This article is part of a VB special issue. Read the full series here: Power in AI.

Stanislav Petrov is not a famous name in the computer science space, like Ada Lovelace or Grace Hopper, but his story serves as a critical lesson for developers of AI systems. Petrov, who passed away on May 19, 2017, was a lieutenant colonel in the Soviet Union’s Air Defense Forces. On September 26, 1983, an alarm announced that the U.S. had launched five nuclear armed intercontinental ballistic missiles (ICBMs). His job, as the human in the loop of this technical detection system, was to escalate to leadership to launch Soviet missiles in retaliation, ensuring mutually assured destruction.

As the sirens blared, he took a moment to pause and think critically. Why would the U.S. send only five missiles? What purpose would they have to send them? There had been no indication in global political events that such a drastic measure was imminent. He chose to not follow protocol, and after some agonizing minutes realized he had made the right decision. There had been no missile attack; it was a false alarm. He was officially reprimanded by leadership for his decision to save the world.

The ability to take action based on context-specific human deduction is not accounted for in our sociotechnical algorithmic systems. Our language around AI systems anthropomorphizes technology, eliminating the human from the narrative. Linguistically, we structure our description of the technology as follows: “AI can diagnose heart disease in four seconds, as study shows machines now ‘as good’ as doctors.” This way of thinking reduces the actions of human doctors to rote tasks and presents the idea of an “AI doctor” as if it has a physical form and is capable of willful action. When we imagine such AI, it is not as code or algorithms, but through personifications like those drawn from the Terminator or, more benignly, Bjork’s music video “All is Full of Love.” In these scenarios, the human is no longer an empowered actor, but rather a passive recipient of outcomes.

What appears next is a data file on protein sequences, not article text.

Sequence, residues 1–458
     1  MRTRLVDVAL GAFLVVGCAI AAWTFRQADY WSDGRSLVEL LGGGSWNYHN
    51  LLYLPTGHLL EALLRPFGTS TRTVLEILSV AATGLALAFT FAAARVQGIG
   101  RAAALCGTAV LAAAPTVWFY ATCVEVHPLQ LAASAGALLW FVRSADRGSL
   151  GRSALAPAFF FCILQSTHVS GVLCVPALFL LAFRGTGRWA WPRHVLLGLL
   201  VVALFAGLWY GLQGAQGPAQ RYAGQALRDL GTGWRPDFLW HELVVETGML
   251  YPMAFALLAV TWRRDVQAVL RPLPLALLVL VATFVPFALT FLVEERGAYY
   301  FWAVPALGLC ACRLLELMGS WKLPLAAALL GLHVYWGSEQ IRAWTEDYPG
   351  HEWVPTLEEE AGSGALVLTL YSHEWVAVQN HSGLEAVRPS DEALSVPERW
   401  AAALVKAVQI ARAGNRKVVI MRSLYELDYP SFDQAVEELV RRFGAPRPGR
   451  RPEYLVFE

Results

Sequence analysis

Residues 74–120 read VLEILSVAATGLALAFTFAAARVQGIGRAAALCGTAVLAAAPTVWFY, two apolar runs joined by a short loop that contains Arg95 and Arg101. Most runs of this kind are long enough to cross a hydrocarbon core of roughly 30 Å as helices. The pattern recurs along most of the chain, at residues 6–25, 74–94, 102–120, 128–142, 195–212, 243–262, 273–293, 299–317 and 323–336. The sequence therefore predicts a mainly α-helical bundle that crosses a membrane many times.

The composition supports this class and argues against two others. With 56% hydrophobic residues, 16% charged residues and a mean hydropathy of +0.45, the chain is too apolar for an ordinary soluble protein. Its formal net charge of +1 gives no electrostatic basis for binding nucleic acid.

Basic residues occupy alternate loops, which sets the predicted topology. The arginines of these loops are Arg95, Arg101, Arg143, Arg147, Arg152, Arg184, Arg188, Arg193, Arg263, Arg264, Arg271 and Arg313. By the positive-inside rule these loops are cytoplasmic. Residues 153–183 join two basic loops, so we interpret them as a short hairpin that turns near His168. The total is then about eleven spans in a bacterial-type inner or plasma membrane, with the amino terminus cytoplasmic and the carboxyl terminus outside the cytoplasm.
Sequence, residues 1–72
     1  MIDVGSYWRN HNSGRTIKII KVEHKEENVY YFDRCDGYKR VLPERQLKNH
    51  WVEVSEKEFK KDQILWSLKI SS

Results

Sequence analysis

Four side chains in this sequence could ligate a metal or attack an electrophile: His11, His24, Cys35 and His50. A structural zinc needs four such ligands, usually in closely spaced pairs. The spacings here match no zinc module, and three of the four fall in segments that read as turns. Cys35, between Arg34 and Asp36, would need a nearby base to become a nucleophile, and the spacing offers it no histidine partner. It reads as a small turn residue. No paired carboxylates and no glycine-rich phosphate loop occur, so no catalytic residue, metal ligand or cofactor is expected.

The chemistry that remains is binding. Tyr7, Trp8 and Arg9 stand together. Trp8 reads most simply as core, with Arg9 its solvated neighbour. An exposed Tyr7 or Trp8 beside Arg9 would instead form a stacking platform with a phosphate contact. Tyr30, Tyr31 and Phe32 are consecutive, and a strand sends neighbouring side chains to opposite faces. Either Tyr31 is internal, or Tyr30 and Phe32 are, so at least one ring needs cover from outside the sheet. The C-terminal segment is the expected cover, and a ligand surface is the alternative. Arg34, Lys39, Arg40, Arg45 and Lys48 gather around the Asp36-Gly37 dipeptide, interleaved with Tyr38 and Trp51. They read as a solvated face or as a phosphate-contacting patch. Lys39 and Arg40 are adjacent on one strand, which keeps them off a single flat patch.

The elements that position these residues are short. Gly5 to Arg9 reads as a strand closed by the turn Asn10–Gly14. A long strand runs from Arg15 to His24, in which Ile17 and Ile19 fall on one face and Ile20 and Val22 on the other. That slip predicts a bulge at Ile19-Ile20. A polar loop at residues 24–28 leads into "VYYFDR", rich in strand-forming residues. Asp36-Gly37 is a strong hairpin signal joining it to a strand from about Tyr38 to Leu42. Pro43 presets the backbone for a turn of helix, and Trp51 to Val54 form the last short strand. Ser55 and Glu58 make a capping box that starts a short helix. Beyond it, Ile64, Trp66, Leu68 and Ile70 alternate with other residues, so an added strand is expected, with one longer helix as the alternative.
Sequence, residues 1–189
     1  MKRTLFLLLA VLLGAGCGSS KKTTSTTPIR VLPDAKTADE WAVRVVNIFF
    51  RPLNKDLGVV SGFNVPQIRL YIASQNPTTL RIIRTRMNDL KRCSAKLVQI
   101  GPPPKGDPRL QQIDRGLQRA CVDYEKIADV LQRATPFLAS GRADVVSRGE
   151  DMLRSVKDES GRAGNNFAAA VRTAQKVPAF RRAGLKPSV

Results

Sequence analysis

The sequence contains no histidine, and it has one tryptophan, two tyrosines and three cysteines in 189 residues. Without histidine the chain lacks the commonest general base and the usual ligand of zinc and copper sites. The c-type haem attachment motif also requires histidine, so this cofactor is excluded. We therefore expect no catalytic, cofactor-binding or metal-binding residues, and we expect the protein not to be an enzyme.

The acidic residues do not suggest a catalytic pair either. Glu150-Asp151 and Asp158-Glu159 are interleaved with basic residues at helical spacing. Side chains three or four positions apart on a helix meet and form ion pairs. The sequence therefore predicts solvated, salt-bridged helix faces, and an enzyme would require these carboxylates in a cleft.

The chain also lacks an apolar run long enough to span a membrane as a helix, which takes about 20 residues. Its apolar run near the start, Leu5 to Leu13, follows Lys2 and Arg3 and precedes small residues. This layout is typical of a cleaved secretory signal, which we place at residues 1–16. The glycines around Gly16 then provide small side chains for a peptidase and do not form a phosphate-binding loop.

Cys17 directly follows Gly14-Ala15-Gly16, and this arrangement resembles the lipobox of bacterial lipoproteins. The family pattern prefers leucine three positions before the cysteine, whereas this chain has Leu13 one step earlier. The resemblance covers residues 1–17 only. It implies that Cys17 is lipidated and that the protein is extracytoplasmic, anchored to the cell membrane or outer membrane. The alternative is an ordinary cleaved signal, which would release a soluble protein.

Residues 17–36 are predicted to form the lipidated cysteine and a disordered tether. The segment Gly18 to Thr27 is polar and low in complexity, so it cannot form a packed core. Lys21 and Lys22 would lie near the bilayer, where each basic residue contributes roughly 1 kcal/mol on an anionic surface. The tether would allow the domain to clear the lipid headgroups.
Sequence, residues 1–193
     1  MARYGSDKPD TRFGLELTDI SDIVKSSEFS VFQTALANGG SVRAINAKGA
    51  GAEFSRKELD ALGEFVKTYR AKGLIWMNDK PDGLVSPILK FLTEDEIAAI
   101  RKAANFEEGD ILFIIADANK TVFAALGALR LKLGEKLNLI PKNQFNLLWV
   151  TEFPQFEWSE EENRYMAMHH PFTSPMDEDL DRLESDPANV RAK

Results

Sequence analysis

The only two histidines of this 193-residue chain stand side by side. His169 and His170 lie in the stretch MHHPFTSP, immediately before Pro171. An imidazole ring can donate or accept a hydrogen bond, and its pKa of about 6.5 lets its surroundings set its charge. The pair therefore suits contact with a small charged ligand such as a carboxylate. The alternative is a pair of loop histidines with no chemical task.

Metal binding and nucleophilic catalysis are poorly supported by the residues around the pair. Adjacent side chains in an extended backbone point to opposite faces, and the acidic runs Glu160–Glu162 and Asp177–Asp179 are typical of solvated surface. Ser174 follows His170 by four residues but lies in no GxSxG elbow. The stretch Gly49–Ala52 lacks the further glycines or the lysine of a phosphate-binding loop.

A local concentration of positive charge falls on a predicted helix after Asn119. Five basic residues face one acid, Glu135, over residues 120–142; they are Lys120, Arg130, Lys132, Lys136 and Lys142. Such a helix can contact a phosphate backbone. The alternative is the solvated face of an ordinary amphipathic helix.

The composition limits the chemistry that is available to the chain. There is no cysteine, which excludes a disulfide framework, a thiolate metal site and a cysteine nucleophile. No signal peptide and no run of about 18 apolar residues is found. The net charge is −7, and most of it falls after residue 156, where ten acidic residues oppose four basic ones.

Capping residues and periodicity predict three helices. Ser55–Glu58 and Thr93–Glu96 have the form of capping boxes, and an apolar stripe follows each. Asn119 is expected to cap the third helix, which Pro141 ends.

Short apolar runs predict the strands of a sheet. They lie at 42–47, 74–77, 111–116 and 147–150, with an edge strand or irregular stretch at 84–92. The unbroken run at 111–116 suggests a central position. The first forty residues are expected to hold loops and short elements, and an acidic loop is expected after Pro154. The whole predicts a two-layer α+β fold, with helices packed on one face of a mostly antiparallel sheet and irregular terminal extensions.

The reality is that these systems are not all-knowing, not perfectly generalizable, and, in practice, often quite flawed. There are two ways in which designers and practitioners of algorithmic systems fail. First, they’re overconfident in the ability of AI to deliver a solution that is context-specific to the human subject. Second, they don’t incorporate a way for human actors to meaningfully challenge or correct the system’s recommendations. An extension of technochauvinism, a term coined by Meredith Broussard, “retrofit human” is the phenomenon of adjusting humans to the limitations of the AI system rather than adjusting the technology to serve humanity. The consequences of this are becoming increasingly evident as algorithms begin to impact our daily lives.

The use of risk-assessment algorithms in the criminal justice system has become a high-stakes topic of discussion, first catching the public eye with ProPublica’s analysis of Northpointe’s COMPAS parole algorithm. Northpointe claims its software can predict recidivism rates. But Jeff Larson and Julia Angwin’s team of data scientists at ProPublica performed analysis and determined that COMPAS scores white people and black people unequally. Their work exposed not only the issues of bias and discrimination in the development and construction of algorithms in impactful situations, their statistical debate with Northpointe illustrated the probabilistic, and therefore uncertain, nature of algorithmic output.